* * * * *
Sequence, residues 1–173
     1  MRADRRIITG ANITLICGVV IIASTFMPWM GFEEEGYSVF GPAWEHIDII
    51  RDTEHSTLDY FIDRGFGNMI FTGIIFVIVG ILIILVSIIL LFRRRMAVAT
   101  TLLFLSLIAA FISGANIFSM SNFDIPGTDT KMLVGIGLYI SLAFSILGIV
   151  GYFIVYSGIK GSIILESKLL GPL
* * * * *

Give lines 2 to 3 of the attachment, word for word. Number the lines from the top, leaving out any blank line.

     1  MRADRRIITG ANITLICGVV IIASTFMPWM GFEEEGYSVF GPAWEHIDII
    51  RDTEHSTLDY FIDRGFGNMI FTGIIFVIVG ILIILVSIIL LFRRRMAVAT